- Borrow & Request
- Meet & Study Here
- Tech & Print
Fair use is part of copyright law and allows you to use copyrighted materials without permission under certain circumstances. Fair use is particularly solicitous of non-profit, academic uses. Before relying on fair use, you must consider each of the four factors, and how they weigh for or against your use. Use this guide and the fair use worksheet to make your own good faith determination. If you determine your use would likely not be fair use, you can still ask the copyright holder for permission.
Congress listed four factors in the fair use exception to copyright (read the law here). These are intended to be flexible, so to many people they seem uncomfortably vague. Employees of nonprofit, educational institutions have a reduced exposure to statutory damages if they can prove that they made a good faith fair use determination. In recent fair use cases, judges have placed the most emphasis on the first and third factors, essentially boiling the factors down to two questions:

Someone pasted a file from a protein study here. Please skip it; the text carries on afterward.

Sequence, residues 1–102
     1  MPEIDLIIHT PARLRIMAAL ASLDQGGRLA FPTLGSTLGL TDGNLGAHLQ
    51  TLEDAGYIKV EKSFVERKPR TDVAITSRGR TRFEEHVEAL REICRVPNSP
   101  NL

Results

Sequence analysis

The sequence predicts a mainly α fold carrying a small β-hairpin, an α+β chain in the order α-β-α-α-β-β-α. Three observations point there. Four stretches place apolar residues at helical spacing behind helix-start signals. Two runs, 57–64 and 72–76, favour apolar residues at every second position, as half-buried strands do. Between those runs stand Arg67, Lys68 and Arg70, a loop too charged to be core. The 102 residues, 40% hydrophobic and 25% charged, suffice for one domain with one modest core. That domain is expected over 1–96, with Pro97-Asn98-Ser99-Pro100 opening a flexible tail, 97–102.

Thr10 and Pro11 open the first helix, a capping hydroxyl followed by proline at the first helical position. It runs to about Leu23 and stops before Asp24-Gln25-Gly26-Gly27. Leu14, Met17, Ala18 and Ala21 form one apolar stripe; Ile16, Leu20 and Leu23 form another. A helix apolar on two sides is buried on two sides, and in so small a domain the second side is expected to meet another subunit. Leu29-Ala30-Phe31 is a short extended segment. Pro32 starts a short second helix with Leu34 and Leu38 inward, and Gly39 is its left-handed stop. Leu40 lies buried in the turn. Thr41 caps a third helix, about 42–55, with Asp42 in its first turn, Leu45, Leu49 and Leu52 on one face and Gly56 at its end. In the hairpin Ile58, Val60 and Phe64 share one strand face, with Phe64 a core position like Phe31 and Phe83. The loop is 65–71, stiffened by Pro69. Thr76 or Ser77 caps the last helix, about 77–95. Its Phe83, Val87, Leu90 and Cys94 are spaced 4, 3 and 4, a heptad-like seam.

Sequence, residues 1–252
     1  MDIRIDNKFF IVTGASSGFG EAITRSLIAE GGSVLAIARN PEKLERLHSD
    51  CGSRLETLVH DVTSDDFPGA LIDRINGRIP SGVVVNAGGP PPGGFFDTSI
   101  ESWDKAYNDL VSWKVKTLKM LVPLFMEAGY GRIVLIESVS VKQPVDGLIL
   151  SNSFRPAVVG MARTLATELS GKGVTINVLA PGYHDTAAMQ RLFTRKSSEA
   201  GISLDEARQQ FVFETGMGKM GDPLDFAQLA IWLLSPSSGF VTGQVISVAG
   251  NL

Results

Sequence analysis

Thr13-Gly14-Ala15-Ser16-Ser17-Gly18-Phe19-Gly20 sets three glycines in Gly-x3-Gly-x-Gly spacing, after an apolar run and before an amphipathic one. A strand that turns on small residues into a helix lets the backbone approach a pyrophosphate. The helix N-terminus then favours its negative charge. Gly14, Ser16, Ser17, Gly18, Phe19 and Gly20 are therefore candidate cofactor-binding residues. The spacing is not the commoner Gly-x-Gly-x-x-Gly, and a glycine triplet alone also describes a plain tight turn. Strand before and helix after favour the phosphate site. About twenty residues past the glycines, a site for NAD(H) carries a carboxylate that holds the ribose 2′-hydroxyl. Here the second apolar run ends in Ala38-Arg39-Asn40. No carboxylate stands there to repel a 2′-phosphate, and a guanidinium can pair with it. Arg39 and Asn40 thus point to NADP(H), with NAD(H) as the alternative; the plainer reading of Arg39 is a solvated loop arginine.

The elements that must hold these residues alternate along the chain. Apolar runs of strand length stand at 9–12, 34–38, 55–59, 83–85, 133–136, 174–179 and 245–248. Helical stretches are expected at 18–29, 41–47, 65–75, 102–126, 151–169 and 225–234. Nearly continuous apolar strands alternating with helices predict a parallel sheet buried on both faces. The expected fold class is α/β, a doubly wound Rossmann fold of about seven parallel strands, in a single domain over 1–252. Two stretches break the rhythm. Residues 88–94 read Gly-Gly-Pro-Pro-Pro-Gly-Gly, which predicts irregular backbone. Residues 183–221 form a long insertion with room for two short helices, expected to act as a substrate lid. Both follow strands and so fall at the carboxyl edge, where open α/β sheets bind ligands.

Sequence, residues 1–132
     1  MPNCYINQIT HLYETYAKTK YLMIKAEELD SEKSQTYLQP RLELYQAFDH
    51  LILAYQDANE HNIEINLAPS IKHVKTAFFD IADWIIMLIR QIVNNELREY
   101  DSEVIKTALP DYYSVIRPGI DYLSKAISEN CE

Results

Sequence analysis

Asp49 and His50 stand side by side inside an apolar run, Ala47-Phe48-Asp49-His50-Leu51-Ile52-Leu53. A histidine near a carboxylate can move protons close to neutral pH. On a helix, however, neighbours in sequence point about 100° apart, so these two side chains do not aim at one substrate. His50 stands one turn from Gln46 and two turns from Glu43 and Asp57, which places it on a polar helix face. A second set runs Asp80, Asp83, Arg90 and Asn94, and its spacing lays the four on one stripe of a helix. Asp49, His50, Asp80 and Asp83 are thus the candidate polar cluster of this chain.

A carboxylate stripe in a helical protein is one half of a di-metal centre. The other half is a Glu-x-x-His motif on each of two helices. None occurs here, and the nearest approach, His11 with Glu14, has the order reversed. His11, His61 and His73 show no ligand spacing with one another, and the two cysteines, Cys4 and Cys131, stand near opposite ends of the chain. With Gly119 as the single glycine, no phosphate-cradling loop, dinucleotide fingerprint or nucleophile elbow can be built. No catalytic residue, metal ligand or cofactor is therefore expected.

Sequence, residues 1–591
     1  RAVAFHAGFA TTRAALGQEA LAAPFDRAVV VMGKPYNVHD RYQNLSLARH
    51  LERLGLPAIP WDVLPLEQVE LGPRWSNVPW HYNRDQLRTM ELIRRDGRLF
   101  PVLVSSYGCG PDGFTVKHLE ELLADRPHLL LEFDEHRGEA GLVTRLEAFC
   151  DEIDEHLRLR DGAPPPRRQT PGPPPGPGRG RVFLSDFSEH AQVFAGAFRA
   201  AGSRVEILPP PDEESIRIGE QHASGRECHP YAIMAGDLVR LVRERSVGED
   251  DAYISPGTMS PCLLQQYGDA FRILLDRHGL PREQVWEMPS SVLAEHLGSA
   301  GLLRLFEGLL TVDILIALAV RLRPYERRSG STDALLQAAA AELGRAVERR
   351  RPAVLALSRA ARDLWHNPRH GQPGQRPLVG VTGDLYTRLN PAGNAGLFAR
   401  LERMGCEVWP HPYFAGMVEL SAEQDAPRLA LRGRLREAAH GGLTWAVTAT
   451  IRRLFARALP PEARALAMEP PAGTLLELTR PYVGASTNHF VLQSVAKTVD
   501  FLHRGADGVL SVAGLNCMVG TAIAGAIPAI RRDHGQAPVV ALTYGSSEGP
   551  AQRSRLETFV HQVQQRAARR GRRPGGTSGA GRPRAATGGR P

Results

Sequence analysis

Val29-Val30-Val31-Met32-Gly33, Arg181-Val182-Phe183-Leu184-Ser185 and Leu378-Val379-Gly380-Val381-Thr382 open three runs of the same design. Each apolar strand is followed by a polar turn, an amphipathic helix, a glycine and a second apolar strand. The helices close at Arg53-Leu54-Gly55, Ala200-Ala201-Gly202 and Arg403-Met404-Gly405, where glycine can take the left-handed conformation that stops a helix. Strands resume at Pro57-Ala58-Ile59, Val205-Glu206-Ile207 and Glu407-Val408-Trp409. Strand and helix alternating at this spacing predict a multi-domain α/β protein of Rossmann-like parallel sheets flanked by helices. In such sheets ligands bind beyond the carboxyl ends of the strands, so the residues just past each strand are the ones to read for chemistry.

1. Did the use “transform” the material taken from the copyrighted work by using it for a broadly beneficial purpose different from that of the original, or did it just repeat the work for the same intent and value as the original, in effect substituting for it? (note: classroom copies are still explicitly permitted. In all cases, use only the amount needed for teaching purposes. See Copyright in the Classroom for more information).
2. Was the material taken appropriate in kind and amount, considering the nature of the copyrighted work and of the use?
Take a look at the Fair Use Worksheet for a more detailed analysis of each of the four factors.
The following documents have been created by experts in these communities, usually with legal counsel, but they do not have the force of law.
121 The Valley Library
Corvallis OR 97331–4501